Home » In Six-Way Primary, Rep. Danny Davis Uses Congressional Funds to Election Ad Blitz, Complaint Says
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In Six-Way Primary, Rep. Danny Davis Uses Congressional Funds to Election Ad Blitz, Complaint Says

A Chicago Democrat who has served in the House of Representatives for three decades is facing renewed scrutiny over his handling of campaign resources, according to a complaint submitted last week to the House Ethics Committee and obtained by The Intercept. 

While it’s not unusual for the committee to receive superfluous complaints from frustrated constituents, this is not the first time the office has been questioned about its use of official funds. 

Rep. Danny Davis, D-Ill., formally announced in June he would run for reelection, marking the start of his 14th congressional campaign since he first took office in 1997 — and what is expected to be a hotly contested six-way primary.

Davis misused his congressional resources by spending funds from his office to amplify his electoral campaign, according to the complaint, which was submitted to the House Ethics Committee last week by a constituent, Tellis L. Parnell Sr. Various laws and ethics rules bar the use of official funds for incumbents’ election races.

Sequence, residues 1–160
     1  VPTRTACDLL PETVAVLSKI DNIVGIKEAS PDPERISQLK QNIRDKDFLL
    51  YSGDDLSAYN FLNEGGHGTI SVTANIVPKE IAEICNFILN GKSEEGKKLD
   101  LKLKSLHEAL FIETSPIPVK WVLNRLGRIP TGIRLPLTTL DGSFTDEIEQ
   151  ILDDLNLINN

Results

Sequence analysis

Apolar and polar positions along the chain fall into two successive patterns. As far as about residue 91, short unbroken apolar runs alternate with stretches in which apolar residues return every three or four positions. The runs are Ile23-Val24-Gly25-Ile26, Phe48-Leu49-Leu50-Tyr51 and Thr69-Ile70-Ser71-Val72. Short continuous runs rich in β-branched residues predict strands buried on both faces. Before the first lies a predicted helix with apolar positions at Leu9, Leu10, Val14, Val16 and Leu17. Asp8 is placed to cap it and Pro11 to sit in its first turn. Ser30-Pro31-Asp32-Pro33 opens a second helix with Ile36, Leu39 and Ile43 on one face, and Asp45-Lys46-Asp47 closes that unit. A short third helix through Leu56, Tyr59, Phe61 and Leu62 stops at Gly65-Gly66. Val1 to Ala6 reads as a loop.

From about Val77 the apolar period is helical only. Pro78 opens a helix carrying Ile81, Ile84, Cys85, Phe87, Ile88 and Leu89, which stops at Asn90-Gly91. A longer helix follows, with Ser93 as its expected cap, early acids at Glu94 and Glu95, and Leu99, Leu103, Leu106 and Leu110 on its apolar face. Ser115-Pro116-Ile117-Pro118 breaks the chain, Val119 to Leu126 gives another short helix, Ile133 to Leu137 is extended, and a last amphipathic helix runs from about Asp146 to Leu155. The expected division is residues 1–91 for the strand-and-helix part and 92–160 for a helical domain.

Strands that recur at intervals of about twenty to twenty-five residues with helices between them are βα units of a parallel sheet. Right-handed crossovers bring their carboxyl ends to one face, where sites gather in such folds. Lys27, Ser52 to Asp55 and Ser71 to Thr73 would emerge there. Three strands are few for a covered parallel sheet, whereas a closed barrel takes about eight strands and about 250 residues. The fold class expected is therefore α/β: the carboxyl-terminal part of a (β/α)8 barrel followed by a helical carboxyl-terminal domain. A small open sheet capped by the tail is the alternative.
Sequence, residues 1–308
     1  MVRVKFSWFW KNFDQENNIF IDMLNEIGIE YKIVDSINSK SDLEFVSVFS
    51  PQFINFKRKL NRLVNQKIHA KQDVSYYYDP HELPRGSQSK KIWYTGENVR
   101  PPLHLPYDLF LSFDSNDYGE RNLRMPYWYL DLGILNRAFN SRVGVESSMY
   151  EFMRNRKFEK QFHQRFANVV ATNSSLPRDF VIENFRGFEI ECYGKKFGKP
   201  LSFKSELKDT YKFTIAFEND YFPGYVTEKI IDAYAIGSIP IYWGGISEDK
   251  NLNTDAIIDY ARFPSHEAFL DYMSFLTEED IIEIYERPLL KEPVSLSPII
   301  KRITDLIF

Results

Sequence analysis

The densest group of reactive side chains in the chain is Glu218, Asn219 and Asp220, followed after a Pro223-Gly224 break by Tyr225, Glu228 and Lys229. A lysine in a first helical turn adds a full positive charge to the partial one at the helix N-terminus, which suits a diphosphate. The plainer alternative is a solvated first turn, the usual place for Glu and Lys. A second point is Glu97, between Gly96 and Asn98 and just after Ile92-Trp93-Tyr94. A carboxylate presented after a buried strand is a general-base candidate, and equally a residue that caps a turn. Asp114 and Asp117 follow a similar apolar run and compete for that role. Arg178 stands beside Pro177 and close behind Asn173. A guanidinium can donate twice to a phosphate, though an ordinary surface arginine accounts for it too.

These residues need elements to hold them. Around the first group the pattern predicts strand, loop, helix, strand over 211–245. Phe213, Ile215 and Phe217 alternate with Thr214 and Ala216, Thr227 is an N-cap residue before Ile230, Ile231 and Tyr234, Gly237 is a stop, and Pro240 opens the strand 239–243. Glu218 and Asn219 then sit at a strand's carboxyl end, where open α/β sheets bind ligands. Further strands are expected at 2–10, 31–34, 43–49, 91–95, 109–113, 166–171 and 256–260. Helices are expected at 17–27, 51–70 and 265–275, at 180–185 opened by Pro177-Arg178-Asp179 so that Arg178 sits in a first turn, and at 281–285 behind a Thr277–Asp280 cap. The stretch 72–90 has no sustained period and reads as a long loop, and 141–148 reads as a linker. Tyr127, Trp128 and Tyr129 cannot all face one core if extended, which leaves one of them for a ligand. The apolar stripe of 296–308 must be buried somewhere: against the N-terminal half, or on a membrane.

Parnell alleged in his complaint that Davis’s congressional office violated House ethics rules by purchasing its first radio and billboard ads in the last six years just after he announced his reelection campaign. 

“There is reason to believe that Congressman Daniel K. Davis has used funds from his Congressional office to purchase television and radio advertising to bolster his election in violation of either the spirit or actual law and House Ethics guidelines,” Parnell wrote. He requested a congressional investigation.

Parnell said he came across information about Davis’s official spending after a conversation with a friend who had done political work with Davis’s campaign. Parnell said he was not affiliated with any of Davis’s opponents.

Davis raised eyebrows last cycle when he used state committee funds to boost his congressional work, The Intercept reported.

The ads last year came at a time when critics say Davis’s long tenure has led him to lose touch with constituents and flounder in the face of deadly gun violence in Chicago.